For many organizations, the idea of building a second site often arises from a desire to create, enhance or cut the cost of a business continuity strategy. "With our new site, we really wanted to improve on the [recovery] time from any kind of failure," Burch says. Kemet also wanted to get out of a costly relationship with a disaster recovery services provider, he adds.
Another motivation for creating a new data center is to boost system responsiveness for employees and customers in remote locales. Organizations running latency-sensitive network applications -- those that power retail and travel websites or financial services, videoconferencing and content distribution systems, for example -- usually like to place their applications as close to end users as possible to improve response times. By splitting a data center into two or more sites, an organization can more efficiently serve people scattered across a wide area -- even if they're on multiple continents.
Dayton, Ohio-based LexisNexis, known for its legal research and workflow services, decided in 2009 to establish a colo data center in Scottsdale, Ariz., to better serve customers from a location that's relatively immune to storms, earthquakes and other natural calamities. "We wanted something that was in the western region of the U.S.," says Terry Williams, the company's vice president of managed technology services. "Location was a huge part of our decision." The company already had a data center in Dayton.
Not surprisingly, network availability and performance were essential considerations for LexisNexis as it went about choosing the new site. "The key for us is network connectivity," Williams says. "That was something that couldn't be compromised on."
LexisNexis is hardly the only organization that wants to set up data centers closer to end users for better service, says Darin Stahl, a data center analyst at Info-Tech Research Group. "There's a definite move toward decentralization, and that's helping enterprises that want to open additional data centers," he says.
Williams says that turning to a colocation provider -- Phoenix-based IO Data Centers, in his case -- didn't require LexisNexis to compromise on any services or amenities. "We expected all of the normal things that a high-tier data center would have in terms of backup power, generators and all of those things, as well as network connectivity," he says.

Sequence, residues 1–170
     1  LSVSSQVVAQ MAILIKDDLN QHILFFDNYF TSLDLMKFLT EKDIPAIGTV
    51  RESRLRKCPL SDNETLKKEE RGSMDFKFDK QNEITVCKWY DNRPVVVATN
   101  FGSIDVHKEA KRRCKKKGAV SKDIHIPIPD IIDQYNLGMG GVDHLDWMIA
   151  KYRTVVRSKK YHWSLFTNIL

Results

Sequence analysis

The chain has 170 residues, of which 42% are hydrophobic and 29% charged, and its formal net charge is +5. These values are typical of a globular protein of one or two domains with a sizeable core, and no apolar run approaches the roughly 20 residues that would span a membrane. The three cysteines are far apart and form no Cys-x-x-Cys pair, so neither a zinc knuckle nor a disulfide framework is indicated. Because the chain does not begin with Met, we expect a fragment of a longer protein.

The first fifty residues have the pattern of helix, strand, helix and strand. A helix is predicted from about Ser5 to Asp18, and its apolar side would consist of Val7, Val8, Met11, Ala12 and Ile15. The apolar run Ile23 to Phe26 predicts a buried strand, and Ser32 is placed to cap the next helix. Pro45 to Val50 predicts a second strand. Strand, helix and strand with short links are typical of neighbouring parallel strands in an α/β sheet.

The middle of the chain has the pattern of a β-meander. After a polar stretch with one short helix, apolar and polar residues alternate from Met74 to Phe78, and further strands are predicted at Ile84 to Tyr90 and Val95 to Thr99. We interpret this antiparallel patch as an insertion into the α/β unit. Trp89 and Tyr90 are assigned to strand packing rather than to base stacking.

For his part, Burch feels that using a colocation service -- Kemet Electronics chose Columbia, S.C.-based Immedion -- allowed a faster, less costly deployment without sacrificing convenience or functionality. "We were able to get everything set up within a two-month period, and that included the building out of office space, even converting some office space into raised-floor data center space, which is pretty amazing."
Finding a suitable colocation provider can be just as challenging as scouting a site for a traditional data center. "We looked at taking a building and converting it ourselves," Williams says. After deciding that overhauling a stand-alone building wouldn't be cost-effective, LexisNexis started looking for a colocation provider. "I would say that we probably spent six months searching for a site, and we probably looked at no less than 30 different locations and providers -- it was a very extensive search," he says.
Space at a premium
Of course, colo space can be tight in some locations, so expect to pay a premium in those areas. Tier1's Paschke explains that the economic slowdown and resulting credit crunch put the kibosh on a lot of data center capacity build-outs. Many enterprises put their own data center construction plans on hold, and colos reined in their expansion activity as well. So nowadays, organizations considering turning to a colo may find that the vendors don't have as much data center space as they need.